About Taxes and Believing Anything Barack Obama Says

“And if you’re not really serious about lowering our taxes in the first place, well then shame on you for promising you would.”
Monday, September 29, 2008

There are taxes, and then there are taxes. To be more precise, there are sales and income taxes that we pay as individuals, and then there are other ways in which the spending power of our income can be reduced. These “other ways” are related to inflation, such as higher prices for food and gas, for the energy we need to light and heat or air condition our homes, and for prescriptions and medical care. The higher those prices relative to our income, the less of those items and other goods and services we can afford. It doesn’t do us any good to lower our income taxes on one hand, while reducing the buying power of our disposable income – and the quality of our lives – on the other. And if you’re not really serious about lowering our taxes in the first place, well then shame on you for promising you would.

No question about it. As far as I can tell, Senator Obama has promised to reduce taxes for most middle and lower income Americans. He’s done this, not because it makes any sense, but because he wants to be elected President, and he doesn’t have the nerve, the integrity or the respect for the American electorate to tell us the truth. Bold talk on my part, I know. But then I can prove it. I can prove that he’s not being straightforward with us by appealing to your intelligence and objectivity with the following simple argument. Here goes…

As of today, our national debt is approximately $9.85 trillion.* Of this total, $5.67 trillion is held by the American public. The other $4.18 trillion, by the governments of other nations. Needless to say, $9.85 trillion is a huge number. To date, in the first 11 months of this federal government fiscal year, we have paid over $431 billion of interest on this debt. It’s breathtaking.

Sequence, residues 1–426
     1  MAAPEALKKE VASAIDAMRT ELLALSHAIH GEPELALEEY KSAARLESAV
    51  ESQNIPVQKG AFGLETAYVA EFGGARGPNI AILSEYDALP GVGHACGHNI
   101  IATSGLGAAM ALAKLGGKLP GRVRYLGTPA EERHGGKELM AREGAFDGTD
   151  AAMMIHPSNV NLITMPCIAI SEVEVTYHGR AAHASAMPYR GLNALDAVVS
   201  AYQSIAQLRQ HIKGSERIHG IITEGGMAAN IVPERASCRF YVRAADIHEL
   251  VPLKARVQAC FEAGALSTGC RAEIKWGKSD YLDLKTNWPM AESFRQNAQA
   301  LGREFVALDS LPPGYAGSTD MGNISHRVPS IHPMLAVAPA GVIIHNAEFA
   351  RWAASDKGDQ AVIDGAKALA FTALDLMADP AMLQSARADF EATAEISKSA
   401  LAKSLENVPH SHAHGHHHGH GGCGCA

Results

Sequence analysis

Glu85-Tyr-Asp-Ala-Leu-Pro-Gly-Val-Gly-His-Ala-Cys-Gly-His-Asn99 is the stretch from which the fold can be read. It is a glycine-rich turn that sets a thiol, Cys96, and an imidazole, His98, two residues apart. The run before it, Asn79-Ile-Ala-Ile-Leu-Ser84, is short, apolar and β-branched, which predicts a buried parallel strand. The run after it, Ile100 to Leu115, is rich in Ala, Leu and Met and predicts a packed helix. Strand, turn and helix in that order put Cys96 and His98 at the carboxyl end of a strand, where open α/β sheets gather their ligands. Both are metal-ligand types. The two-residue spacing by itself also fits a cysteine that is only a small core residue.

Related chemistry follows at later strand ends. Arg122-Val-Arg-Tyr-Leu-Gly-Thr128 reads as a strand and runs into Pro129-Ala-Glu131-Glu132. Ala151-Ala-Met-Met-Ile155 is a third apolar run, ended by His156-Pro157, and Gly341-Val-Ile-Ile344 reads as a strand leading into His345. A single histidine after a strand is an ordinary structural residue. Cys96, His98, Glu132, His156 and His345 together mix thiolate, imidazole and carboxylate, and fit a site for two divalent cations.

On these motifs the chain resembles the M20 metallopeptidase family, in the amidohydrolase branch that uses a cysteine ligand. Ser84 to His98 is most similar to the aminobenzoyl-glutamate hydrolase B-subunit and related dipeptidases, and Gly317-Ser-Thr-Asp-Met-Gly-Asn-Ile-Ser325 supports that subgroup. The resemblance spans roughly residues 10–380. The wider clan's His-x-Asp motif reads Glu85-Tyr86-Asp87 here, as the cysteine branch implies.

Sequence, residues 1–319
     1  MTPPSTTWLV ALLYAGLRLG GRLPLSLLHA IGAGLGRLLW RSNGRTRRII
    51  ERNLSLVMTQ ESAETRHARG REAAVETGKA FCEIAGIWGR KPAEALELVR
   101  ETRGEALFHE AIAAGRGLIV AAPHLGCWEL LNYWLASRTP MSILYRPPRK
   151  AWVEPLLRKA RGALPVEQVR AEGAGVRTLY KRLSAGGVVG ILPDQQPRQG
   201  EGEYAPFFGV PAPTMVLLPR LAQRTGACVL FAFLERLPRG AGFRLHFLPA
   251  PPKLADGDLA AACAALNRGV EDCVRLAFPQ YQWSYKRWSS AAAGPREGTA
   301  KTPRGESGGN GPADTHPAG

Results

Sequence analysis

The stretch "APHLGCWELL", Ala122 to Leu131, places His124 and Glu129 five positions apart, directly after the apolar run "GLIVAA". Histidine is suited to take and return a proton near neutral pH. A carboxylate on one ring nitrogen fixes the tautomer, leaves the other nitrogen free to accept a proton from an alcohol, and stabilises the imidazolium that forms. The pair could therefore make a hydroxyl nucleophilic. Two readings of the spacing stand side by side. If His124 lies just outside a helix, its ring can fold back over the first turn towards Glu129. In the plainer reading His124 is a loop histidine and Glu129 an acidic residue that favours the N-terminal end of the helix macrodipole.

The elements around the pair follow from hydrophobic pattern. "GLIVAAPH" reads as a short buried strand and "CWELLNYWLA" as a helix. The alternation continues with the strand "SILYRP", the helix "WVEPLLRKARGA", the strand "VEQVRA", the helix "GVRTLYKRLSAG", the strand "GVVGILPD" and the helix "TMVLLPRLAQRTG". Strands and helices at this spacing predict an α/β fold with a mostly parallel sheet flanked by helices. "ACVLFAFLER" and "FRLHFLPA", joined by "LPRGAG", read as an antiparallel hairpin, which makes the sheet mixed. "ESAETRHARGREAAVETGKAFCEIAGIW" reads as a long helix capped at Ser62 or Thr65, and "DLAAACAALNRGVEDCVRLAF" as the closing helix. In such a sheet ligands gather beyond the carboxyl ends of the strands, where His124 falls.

The inflationary impact of our national debt is particularly insidious for its relatively subtle effects on our economy which impact our middle and lower income citizens more dramatically than higher income families – which is almost always the case. The higher income your family, the more easily you can suffer the impact of any adverse economic situation, and the more effectively you can pass through those costs to protect your disposable income. Interest we pay on the national debt reduces our government’s disposable income, reducing the level of all manner of government services we can afford. Not incidentally, the more we borrow, the greater the upward pressure on the cost of money our people and businesses borrow.

Our Congress is getting ready to approve the expenditure of $700 billion to resolve an economic crisis which may not be real and/or may already be in the process of resolving itself without the need for government assistance. Add this $700 billion to the national debt, because we don’t have the money.

On top of all this debt, Senator Obama has proposed lower taxes to middle and lower income families – which will, of course, reduce government revenues. One estimate is that the income tax reductions he’s proposed for 2009 alone will reduce government revenues by $448 billion, $5.87 trillion over the next 10 years.**

At the same time, he has proposed an exceptionally liberal-minded array of programs. Basically, he’s promised everything to everyone almost without regard to the cost of providing those services.